CINCINNATI INSURANCE COMPANY, Appellant, v. MOTORISTS MUTUAL INSURANCE COMPANY, Appellee.
This case requires us to decide whether a claim of defective construction against a homebuilder is, standing alone, a claim for property damage caused by an “occurrence” under a commercial general liability (CGL) insurance policy. Like the majority of courts that have considered the question, we hold that the answer is no.
II. FACTUAL AND PROCEDURAL HISTORY.
Lawrence and Jennifer Mintman contracted with Elite Homes, Inc., for the construction of a residence. Elite substantially completed construction of the Mintmans' home, and the Mintmans moved into it and paid Elite in full.
About five years later, the Mintmans sued Elite; Joseph Pusateri, Elite's President; and Motorists Mutual Insurance Company, which insured Elite under a CGL policy during the period the home was under construction. The thrust of the Mintmans' complaint was that their home was so poorly built that it was beyond repair and needed to be razed and that Motorists had not properly handled the matter once it had been notified of Elite's faulty construction.
Motorists provided a defense for Elite and settled the Mintmans' claims against itself, Elite, and Pusateri. Under the terms of that settlement, the Mintmans and Elite assigned to Motorists all rights and claims they may have had against Cincinnati Insurance Company, which was a successor to Motorists, as Elite's CGL insurer. So Motorists then filed a third-party complaint against Cincinnati.1 The gist of that third-party complaint was Motorists' contention that Cincinnati had wrongfully breached its duty to defend and indemnify Elite from the Mintmans' claims.
Eventually, Motorists and Cincinnati filed cross-motions for summary judgment with respect to whether Elite's CGL policy with Cincinnati provided coverage for the Mintmans' claims. The trial court granted summary judgment to Cincinnati, holding that “the Mintmans' claims of intangible economic loss are not such as to be an event that qualifies as an ‘occurrence’ causing ‘property damage’ under the clear and unambiguous language of [Cincinnati's] CGL policy.”
Although it conceded that “Cincinnati's argument is compelling,” the Court of Appeals vacated the trial court's grant of summary judgment. Purportedly guided by our recent opinion in Bituminous Casualty Corporation v. Kenway Contracting, Inc.,2 the Court of Appeals concluded that “since [CGL] policies are designed to cover broad risks, Motorists has the better argument. The damage to the Mintmans' house was clearly property damage and was caused by an ‘occurrence’ since the damage was undoubtedly accidental in the sense that it was not intentional.”
We granted Cincinnati's motion for discretionary review in order to consider, apparently as a matter of first impression in Kentucky, whether faulty construction-related workmanship, standing alone, qualifies as an “occurrence” under a CGL policy. After carefully reviewing the record and applicable law, we conclude that the trial court's conclusion that these claims are not an “occurrence” is correct. For that reason, we reverse the Court of Appeals.
A. The Policy Terms.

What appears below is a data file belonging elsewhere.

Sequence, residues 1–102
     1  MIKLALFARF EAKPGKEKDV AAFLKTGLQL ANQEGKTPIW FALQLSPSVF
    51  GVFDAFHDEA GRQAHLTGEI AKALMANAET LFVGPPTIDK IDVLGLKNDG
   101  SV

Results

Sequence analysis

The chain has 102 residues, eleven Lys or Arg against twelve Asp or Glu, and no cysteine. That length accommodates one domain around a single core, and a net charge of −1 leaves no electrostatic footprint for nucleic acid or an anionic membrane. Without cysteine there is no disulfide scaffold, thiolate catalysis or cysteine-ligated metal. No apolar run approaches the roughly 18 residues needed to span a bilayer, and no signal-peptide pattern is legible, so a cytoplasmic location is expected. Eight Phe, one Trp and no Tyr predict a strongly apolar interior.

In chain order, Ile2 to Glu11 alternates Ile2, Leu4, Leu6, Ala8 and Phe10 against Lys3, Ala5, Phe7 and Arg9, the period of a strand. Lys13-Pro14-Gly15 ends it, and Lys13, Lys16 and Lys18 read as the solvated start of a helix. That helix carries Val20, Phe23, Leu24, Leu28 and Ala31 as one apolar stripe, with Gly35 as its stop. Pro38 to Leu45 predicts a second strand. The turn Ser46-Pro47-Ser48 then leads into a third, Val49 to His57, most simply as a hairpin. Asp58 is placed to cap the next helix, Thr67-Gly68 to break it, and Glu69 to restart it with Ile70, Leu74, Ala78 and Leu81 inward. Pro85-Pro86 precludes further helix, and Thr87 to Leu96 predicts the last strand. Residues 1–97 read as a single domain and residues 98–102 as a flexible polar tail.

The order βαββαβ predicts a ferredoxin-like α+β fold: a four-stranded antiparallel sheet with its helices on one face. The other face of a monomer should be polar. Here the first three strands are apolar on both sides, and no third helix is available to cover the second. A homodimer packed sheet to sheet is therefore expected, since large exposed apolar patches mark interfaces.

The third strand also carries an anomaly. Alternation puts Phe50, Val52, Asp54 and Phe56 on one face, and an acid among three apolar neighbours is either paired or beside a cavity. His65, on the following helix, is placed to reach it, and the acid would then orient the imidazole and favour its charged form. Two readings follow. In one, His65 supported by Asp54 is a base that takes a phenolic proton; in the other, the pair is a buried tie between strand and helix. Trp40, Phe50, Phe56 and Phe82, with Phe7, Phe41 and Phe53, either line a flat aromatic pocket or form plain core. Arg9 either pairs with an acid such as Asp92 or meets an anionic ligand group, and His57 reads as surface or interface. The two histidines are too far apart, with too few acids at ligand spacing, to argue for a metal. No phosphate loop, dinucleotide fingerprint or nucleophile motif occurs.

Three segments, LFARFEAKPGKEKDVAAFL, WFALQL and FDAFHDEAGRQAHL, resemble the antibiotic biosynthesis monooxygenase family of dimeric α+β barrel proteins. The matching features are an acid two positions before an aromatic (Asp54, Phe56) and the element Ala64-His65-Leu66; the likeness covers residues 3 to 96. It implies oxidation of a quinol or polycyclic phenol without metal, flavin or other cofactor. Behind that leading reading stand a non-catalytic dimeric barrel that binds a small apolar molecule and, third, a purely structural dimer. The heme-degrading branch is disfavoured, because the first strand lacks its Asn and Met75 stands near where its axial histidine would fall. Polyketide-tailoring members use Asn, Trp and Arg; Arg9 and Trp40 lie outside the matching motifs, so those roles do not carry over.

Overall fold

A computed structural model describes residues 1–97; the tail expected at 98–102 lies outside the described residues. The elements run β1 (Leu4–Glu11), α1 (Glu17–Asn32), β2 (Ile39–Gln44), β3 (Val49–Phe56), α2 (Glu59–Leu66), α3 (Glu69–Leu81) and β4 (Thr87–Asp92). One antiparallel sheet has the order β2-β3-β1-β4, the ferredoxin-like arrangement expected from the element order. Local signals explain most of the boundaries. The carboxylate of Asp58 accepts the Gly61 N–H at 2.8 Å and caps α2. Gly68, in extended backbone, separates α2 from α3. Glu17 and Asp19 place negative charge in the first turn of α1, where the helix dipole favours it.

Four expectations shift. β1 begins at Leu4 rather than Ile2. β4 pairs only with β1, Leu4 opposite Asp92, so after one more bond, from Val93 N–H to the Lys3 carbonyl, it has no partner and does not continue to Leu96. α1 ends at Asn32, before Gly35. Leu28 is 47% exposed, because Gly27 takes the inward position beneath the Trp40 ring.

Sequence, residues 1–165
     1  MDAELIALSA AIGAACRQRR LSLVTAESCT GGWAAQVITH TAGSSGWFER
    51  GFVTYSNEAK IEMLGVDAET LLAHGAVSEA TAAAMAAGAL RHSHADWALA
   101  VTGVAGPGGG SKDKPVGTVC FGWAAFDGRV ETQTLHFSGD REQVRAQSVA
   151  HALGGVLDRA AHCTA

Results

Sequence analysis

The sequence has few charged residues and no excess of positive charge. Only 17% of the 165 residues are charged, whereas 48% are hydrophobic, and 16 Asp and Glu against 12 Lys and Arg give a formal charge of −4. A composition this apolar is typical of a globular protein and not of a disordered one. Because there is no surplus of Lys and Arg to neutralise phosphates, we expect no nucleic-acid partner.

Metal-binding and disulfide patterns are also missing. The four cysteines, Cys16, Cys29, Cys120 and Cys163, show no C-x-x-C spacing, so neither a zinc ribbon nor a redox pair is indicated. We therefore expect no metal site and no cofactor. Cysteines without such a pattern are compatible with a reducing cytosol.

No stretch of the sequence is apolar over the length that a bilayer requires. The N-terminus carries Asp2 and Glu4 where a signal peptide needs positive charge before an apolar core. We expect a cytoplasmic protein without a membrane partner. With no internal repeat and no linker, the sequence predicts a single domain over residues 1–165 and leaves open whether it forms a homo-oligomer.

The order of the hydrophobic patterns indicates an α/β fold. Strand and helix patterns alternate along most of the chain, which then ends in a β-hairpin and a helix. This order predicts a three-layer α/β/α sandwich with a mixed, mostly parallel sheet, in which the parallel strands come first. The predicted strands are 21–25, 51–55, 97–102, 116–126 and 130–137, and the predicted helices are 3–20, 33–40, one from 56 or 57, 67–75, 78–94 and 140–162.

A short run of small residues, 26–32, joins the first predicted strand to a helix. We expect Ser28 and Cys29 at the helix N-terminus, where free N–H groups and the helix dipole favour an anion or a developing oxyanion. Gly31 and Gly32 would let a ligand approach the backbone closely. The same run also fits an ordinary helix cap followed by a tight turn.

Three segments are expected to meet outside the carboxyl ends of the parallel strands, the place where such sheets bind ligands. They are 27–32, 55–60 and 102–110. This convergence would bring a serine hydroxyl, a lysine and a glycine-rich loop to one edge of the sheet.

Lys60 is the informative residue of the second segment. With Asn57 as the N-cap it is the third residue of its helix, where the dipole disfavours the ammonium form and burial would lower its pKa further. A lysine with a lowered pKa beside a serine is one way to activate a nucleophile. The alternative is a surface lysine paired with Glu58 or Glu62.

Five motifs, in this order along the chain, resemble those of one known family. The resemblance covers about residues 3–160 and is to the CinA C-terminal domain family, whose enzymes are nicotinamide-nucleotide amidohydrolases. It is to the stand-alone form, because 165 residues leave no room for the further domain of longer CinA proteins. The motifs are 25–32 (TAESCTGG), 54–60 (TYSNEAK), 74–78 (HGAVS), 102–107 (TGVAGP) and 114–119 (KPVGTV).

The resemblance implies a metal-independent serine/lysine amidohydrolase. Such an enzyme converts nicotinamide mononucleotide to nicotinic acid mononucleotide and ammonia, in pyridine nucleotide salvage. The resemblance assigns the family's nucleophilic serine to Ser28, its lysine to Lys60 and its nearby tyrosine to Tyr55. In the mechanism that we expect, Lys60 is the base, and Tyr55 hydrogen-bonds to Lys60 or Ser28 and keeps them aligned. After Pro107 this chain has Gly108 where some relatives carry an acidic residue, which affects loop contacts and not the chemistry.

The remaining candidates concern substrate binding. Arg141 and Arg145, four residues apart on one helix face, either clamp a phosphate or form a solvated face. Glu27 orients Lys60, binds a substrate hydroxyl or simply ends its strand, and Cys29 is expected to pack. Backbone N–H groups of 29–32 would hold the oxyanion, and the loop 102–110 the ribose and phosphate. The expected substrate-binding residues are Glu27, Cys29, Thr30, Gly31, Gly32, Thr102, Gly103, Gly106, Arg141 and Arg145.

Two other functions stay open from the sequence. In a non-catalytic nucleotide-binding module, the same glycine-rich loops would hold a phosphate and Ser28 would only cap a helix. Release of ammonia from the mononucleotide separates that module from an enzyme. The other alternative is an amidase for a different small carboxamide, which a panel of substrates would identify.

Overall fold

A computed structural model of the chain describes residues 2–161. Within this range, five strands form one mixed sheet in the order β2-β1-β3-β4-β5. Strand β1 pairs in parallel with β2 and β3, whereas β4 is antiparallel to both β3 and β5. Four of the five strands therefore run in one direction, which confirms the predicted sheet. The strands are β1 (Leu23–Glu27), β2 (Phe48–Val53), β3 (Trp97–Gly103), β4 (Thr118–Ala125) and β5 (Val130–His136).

The overarching question raised on appeal is whether the Mintmans' claims for faulty construction, which are now being advanced by Motorists, fall within the terms of the policy issued by Cincinnati to Elite. In order to answer that broad question, we must closely examine the relevant policy terms.
Section I(A)1 of the policy provides, in relevant part, as follows:3
a. We will pay those sums that the insured becomes legally obligated to pay as damages because of “bodily injury” or “property damage” to which this insurance applies.
b. This insurance applies to “bodily injury” and “property damage” only if:
(1) The “bodily injury” or “property damage” is caused by an “occurrence”․
Section V of the policy defines an occurrence as “an accident, including continuous or repeated exposure to substantially the same general harmful conditions.” The term accident is not defined in the policy. After carefully construing the policy and the relevant law, however, we conclude that this claim of faulty workmanship is not an “occurrence.”4
B. The Standard of Review.
It is well settled that the proper interpretation of insurance contracts generally is a matter of law to be decided by a court; and, thus, an appellate court uses a de novo, not a deferential, standard of review.5 Similarly, when we review a trial court's decision to grant summary judgment, as in this case, we must determine whether the trial court correctly found that there were no genuine issues of material fact; as findings of fact are not at issue, the trial court's decision is entitled to no deference.6 Since there do not appear to be any genuine issues of material fact in this case, summary judgment was appropriate.
C. The Doctrine of Fortuity.
Although this precise issue of whether faulty construction workmanship may be an “occurrence” under a CGL policy appears to be a matter of first impression in Kentucky, many other courts have already addressed it; and they have come to differing conclusions.7 After careful analysis, we agree with the Supreme Court of Nebraska's characterization of this as a “difficult question․”8 The majority viewpoint, however, appears to be that claims of faulty workmanship, standing alone, are not “occurrences” under CGL policies.9 Because we believe the majority viewpoint is correct, we adopt it.
Since the term accident is not defined in the policy, we must afford it its ordinary meaning, if that meaning is not ambiguous.10 We do not find the terms “accident” or “occurrence” to be ambiguous,11 at least under these facts.12 Thus, since the term “accident” has also not acquired a technical meaning in the realm of insurance law, we must accord the term “accident” its plain meaning.13